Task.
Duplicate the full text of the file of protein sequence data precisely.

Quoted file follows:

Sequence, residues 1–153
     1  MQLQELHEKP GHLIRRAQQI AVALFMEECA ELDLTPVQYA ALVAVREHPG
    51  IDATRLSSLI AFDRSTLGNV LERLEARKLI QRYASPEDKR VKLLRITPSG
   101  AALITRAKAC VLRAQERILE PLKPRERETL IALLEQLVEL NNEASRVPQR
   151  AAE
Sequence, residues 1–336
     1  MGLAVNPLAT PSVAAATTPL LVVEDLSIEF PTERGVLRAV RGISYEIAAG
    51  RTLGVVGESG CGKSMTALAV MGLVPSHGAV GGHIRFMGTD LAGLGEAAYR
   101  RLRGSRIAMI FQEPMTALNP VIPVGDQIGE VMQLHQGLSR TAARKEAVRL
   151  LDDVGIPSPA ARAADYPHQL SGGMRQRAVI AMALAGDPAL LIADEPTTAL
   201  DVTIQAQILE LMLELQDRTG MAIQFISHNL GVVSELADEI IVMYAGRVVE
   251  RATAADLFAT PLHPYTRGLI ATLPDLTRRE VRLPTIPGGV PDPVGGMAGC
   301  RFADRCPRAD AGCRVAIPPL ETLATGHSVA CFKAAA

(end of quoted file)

Sequence, residues 1–153
     1  MQLQELHEKP GHLIRRAQQI AVALFMEECA ELDLTPVQYA ALVAVREHPG
    51  IDATRLSSLI AFDRSTLGNV LERLEARKLI QRYASPEDKR VKLLRITPSG
   101  AALITRAKAC VLRAQERILE PLKPRERETL IALLEQLVEL NNEASRVPQR
   151  AAE
Sequence, residues 1–336
     1  MGLAVNPLAT PSVAAATTPL LVVEDLSIEF PTERGVLRAV RGISYEIAAG
    51  RTLGVVGESG CGKSMTALAV MGLVPSHGAV GGHIRFMGTD LAGLGEAAYR
   101  RLRGSRIAMI FQEPMTALNP VIPVGDQIGE VMQLHQGLSR TAARKEAVRL
   151  LDDVGIPSPA ARAADYPHQL SGGMRQRAVI AMALAGDPAL LIADEPTTAL
   201  DVTIQAQILE LMLELQDRTG MAIQFISHNL GVVSELADEI IVMYAGRVVE
   251  RATAADLFAT PLHPYTRGLI ATLPDLTRRE VRLPTIPGGV PDPVGGMAGC
   301  RFADRCPRAD AGCRVAIPPL ETLATGHSVA CFKAAA